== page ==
Honda's ASIMO is an example of a humanoid robot.

A humanoid (pronounced /ˈhjuːmənɔɪd/; from English human and -oid "resembling") is something that has an appearance resembling a human being. The term first appeared in 1912 to refer to fossils which were morphologically similar to, but not identical with, those of the human skeleton.[1] Although this usage was common in the sciences for much of the 20th century, it is now considered rare.[1] More generally, the term can refer to anything with uniquely human characteristics and/or adaptations, such as possessing opposable appendage (thumbs) or the ability to walk in an upright position.


In robotics

A humanoid robot is a robot that is based on the general structure of a human, such as a robot that walks on two legs and has an upper torso, or a robot that has two arms, two legs and a head. A humanoid robot does not necessarily look convincingly like a real person, for example the ASIMO humanoid robot has a helmet instead of a face.

An android (male) or gynoid (female) is a humanoid robot designed to look as much like a real person as possible, although these words are frequently perceived to be synonymous with humanoid.

While there are many humanoid robots in fictional stories, some real humanoid robots have been developed since the 1990s, and some real human-looking android robots have been developed since 2002.

Similarly to robots, virtual avatars may also be called humanoid when resembling humans.

In science fiction

With regard to extraterrestrials in fiction, the term humanoid is most commonly used to refer to alien beings with a body plan that is generally like that of a human, including upright stance and bipedalism.

Many aliens in television and science fiction films are presented as humanoid. This is usually attributed to budget constraints, as human actors can more easily portray human-like aliens.[citation needed]

Fiction Extraterrestrials

In much of science fiction, the reason for the abundance of humanoid aliens is not explained and requires suspension of disbelief. In some cases, however, explanations have been offered for this. In Star Trek, the abundance of humanoid aliens within the Star Trek universe is explained by advancing the story of a primordial humanoid civilization, the Ancient humanoids, who seeded the galaxy with genetically-engineered cells to guide the evolution of life on a multitude of worlds toward a humanoid form.[2] In the television series Stargate SG-1, the Jaffa are explained as being an offshoot of humanity bred by the Goa'uld to suit their purposes, hence their almost-human appearance and physiology, while many other "alien" characters are actually the descendants of humans who were removed from Earth by the Goa'uld for use as slaves. Similarly, in its spin-off show Stargate Atlantis, the explanation offered for the humanoid appearance of the Wraith is that the Wraith evolved from a parasite which incorporated human DNA into its own genome after feeding on humans, giving the Wraith their present form.[3] Also present in Stargate is the concept of convergent evolution, in the species known as Ancients.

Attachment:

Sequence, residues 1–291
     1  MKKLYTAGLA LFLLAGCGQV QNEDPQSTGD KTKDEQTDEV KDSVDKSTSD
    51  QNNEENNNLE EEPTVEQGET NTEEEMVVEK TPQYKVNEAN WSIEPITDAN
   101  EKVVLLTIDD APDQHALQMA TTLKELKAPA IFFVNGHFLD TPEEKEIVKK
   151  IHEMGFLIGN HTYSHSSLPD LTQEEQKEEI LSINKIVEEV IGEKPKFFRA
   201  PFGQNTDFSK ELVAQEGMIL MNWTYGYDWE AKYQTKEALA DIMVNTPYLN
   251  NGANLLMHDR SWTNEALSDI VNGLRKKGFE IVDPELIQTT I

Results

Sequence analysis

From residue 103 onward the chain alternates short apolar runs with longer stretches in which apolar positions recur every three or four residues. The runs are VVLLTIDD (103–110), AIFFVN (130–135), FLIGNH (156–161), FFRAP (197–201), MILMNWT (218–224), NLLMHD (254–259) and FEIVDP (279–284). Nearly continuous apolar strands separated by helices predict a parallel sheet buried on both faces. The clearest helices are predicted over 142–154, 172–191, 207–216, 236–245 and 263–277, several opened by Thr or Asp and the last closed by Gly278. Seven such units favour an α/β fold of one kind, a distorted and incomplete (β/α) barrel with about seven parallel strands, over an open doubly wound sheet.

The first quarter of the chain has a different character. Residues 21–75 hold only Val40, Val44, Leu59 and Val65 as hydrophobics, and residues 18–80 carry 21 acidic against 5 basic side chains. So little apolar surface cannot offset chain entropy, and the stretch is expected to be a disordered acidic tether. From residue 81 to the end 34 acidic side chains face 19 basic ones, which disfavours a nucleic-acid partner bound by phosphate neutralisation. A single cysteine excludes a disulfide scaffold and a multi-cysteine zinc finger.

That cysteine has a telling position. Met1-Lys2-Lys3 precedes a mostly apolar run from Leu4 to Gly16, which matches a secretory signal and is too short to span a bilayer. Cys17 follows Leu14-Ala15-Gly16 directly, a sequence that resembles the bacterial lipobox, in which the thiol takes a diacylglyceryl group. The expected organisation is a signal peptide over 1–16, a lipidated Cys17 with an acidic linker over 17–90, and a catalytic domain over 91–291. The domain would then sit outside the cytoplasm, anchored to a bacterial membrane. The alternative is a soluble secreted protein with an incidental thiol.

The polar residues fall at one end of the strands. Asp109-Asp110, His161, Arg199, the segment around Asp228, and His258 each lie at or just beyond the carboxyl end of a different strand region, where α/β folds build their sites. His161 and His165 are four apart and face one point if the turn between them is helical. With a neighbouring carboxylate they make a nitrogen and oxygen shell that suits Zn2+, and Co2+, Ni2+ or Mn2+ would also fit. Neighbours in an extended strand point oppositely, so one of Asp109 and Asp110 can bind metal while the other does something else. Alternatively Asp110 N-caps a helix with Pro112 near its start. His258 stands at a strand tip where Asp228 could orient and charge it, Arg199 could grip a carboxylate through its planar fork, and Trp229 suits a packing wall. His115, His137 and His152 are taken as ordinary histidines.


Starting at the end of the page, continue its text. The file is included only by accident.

In ufology

In the field of ufology, humanoid refers to any of the claimed extraterrestrials which abduct human victims, such as the Greys,[4] the Reptilians,[5] Nordics, and Martians.

In fantasy

In fantasy settings the term humanoid is used to refer to a human-like fantastical creature, such as a dwarf or an ogre. In some cases, such as older versions of the game Dungeons and Dragons, a distinction is made between demi-humans, which are relatively similar to humans, and humanoids, which exhibit larger differences from humans.

See also


  1. ^ a b The Oxford English Dictionary, 2nd ed.. OED Online: Oxford University. 1989. 
  2. ^ "The Chase". Star Trek: The Next Generation. April 26, 1993. No. 20, season 6.
  3. ^ "The Gift" (Stargate Atlantis)
  4. ^ Bryan, C.D.B (1995). Close Encounters of the Fourth Kind. Alfred A. Knopf, Inc. 
  5. ^ Lewis, Tyson; Richard Kahn (Winter 2005). "The Reptoid Hypothesis: Utopian and Dystopian Representational Motifs in David Icke's Alien Conspiracy Theory". Utopian Studies 16 (1): 45–75. 

External links




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